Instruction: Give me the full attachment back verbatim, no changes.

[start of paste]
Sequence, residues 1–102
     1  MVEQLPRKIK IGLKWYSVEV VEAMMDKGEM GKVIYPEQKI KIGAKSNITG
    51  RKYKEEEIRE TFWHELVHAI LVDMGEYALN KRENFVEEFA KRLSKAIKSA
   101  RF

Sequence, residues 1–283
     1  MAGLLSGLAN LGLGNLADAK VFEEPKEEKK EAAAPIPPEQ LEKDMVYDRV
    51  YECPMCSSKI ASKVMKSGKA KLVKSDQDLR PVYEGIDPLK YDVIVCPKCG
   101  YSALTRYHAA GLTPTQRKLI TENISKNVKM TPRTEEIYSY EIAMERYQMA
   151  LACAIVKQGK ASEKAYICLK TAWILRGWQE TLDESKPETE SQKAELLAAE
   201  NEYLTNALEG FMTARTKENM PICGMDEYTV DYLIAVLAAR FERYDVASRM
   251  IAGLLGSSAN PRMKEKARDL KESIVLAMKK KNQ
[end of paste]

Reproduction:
Sequence, residues 1–102
     1  MVEQLPRKIK IGLKWYSVEV VEAMMDKGEM GKVIYPEQKI KIGAKSNITG
    51  RKYKEEEIRE TFWHELVHAI LVDMGEYALN KRENFVEEFA KRLSKAIKSA
   101  RF

Sequence, residues 1–283
     1  MAGLLSGLAN LGLGNLADAK VFEEPKEEKK EAAAPIPPEQ LEKDMVYDRV
    51  YECPMCSSKI ASKVMKSGKA KLVKSDQDLR PVYEGIDPLK YDVIVCPKCG
   101  YSALTRYHAA GLTPTQRKLI TENISKNVKM TPRTEEIYSY EIAMERYQMA
   151  LACAIVKQGK ASEKAYICLK TAWILRGWQE TLDESKPETE SQKAELLAAE
   201  NEYLTNALEG FMTARTKENM PICGMDEYTV DYLIAVLAAR FERYDVASRM
   251  IAGLLGSSAN PRMKEKARDL KESIVLAMKK KNQ